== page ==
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How can we organise a continuous feedback loop?

Dear colleagues,

From my experiences as a student and a teacher I’ve noticed that feedback for students often constitutes a single feedback moment, rather than a continuous feedback loop.

Students generally appreciate feedback, but I rarely know what they end up doing with my feedback. At the same time, I usually do not know what feedback a student has received from other teachers/mentors. This means I can’t tailor my feedback to the specific student.

Does anyone have experience with setting up a continuous feedback loop for students? Perhaps within a specific study? I would love to hear your ideas on how to make this possible.


Max van Haastrecht
PhD Candidate

Max van Haastrecht
2 februari 2021


  1. Oomen, C.C.E. (Claudy)
    Oomen, C.C.E. (Claudy)

    In recent years, feedback research has focused more on the receiver’s perspective. Even if your feedback message is on spot, many teachers still wonder how to get students to take action on it. The following tips (summarizing research outcomes) may help:
    • Indicate what the goal/function is of your feedback and what you expect of the student. Don’t use literal corrections, but make sure that your feedback contains clear cues for improvement (indicate the direction).
    • Make clear that revision (e.g. of a written assigment) or any other action upon feedback, is a ‘normal’ and essential step in the learning process.
    • Ask students what they want feedback on. In this way, you give students responsibility for their own learning process. Of course, you can add your own comments, but stay focused on the learning objectives/criteria.
    • Ask students to reflect on their work, after the feedback. Ask them what they found the most valuable feedback, how they will incorporate the feedback, and what will be their first step or action points. Students can also do this in pairs/small groups, e.g. in a seminar. Of course, you can also do this with peer feedback

  2. Bert Le Bruyn
    Bert Le Bruyn

    My main suggestion would be to go for what I would dub the Matryoshka principle (referring to the dolls) in the planning of your assignments: earlier assignments are input for later assignments, allowing your feedback to effectively become feedforward. This should increase the motivation on the part of the student to work with the feedback and should also make it easier for the teacher to give focussed feedback as it would be geared towards a specific goal.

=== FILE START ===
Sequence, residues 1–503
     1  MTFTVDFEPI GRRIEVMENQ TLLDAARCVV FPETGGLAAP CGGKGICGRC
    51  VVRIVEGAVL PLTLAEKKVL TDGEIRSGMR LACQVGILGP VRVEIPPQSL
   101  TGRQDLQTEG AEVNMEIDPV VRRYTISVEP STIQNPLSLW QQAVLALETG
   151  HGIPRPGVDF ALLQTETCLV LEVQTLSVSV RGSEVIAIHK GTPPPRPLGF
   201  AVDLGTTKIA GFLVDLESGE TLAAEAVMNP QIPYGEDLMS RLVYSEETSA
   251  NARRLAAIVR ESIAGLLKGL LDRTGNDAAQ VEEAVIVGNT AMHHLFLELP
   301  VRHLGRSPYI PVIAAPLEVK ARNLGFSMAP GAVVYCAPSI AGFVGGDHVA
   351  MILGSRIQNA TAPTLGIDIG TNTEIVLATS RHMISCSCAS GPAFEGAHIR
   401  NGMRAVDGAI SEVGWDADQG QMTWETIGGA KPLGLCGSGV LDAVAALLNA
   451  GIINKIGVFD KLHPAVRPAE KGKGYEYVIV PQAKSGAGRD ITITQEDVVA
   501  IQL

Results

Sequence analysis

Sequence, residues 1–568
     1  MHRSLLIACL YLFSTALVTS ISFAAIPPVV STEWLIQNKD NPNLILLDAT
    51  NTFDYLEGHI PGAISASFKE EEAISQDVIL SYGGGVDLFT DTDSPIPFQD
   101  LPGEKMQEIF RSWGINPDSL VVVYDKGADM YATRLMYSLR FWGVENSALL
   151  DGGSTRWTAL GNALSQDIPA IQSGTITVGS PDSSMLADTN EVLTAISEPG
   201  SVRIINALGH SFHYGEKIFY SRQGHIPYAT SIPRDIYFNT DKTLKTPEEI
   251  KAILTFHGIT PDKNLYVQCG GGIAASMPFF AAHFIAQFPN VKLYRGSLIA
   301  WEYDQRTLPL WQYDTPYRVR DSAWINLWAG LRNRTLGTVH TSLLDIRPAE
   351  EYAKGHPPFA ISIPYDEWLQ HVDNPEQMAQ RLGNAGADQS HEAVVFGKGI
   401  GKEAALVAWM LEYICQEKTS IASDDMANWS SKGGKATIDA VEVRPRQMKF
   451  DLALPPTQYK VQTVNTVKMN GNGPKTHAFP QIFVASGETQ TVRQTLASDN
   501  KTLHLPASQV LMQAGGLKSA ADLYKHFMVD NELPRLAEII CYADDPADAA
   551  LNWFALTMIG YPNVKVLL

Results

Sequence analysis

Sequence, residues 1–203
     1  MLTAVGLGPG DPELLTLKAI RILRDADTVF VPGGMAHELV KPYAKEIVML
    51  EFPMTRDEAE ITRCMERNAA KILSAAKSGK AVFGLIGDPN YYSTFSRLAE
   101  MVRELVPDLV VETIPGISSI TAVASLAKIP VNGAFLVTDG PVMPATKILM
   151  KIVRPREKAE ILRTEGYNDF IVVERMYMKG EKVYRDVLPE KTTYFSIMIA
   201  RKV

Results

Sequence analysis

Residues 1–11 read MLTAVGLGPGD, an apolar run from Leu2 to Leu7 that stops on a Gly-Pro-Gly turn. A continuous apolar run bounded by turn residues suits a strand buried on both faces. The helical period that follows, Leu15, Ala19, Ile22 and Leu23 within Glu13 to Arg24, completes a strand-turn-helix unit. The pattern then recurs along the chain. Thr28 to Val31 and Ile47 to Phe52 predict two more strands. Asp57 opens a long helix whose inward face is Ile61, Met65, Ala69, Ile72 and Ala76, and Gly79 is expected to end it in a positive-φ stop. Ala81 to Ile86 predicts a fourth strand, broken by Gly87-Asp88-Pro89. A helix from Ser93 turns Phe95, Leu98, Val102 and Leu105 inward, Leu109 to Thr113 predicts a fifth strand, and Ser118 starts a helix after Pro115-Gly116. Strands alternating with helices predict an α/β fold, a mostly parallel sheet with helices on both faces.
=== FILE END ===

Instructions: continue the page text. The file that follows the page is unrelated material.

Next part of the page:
3. Max van Haastrecht
    Max van Haastrecht

    Hey Claudy and Bert, thanks so much for the input. I think these are great approaches to get and give useful feedback within a course. Regarding Bert’s approach, you could maybe even start the Matryoshka phase before the course, by asking students what they would like to improve on during the course. I’m going to try and see how I can incorporate these tips in my teaching. If anyone else has tips regarding the “long-term” aspect of feedback (i.e., not just within a course, but over a series of courses, years within a study etc.), those are always welcome as well!

  4. Julia Kasch
    Julia Kasch

    Hi Max,

    interesting questions. Claudy and Bert already shared some great tips so maybe this paper by Carless (2019) can help you?

    Carless, D. (2019). Feedback loops and the longer-term: towards feedback spirals. Assessment & Evaluation in Higher Education, 44(5), 705-714.

    Carless, 2019

  5. Max van Haastrecht
    Max van Haastrecht

    Hey Julia,

    Really interesting paper! This is sort of exactly what I was thinking of, but Carless motivates it much better haha. I think this is a key challenge: “Teaching teams can embed the development of student feedback literacy within programme-wide approaches to feedback.” I think programme-wide is certainly the way to go. How exactly is of course the question…

  6. Rik Vangangelt
    Rik Vangangelt

    An interesting question and I think a common problem.

    Last period I gave a course in academic writing. Three intermediate essays had to be handed in. For the second and third essay, I also looked at the earlier essays: had earlier feedback improved (constructively)? Or did students still have problems with it?

    At a presentation of this project (https://cat-database.sites.uu.nl/project/taalvaardigheid-van-de-uu-student/), I also heard that they set up a learning line in which they always worked with the same feedback criteria. That way, you still don’t know what a student has heard before, but you are always working on the same things.

    In your case, it would be very beneficial to read earlier feedback from other teachers, but I am also curious if this would lead to a bias!

  7. Max van Haastrecht
    Max van Haastrecht

    Hey Rik,

    Thanks for the practical implementation example. Always helps to clear things up! It would certainly be great to set up a learning line where these things are taken into account. I’m going to see how far my circle of influence reaches in that regard.

    And interesting point about the bias. There are certainly downsides as well. I can imagine there might be some GDPR-related issues as well, where sharing of (sometimes quite personal) feedback can only be allowed under strictly regulated circumstances and with consent of students and teachers.

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